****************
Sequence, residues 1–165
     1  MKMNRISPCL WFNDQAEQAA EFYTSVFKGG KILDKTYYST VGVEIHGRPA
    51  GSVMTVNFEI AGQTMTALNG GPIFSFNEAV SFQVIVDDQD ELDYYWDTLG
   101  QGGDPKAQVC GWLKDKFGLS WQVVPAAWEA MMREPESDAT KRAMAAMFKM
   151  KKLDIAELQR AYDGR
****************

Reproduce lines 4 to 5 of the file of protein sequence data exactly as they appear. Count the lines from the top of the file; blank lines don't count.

   101  QGGDPKAQVC GWLKDKFGLS WQVVPAAWEA MMREPESDAT KRAMAAMFKM
   151  KKLDIAELQR AYDGR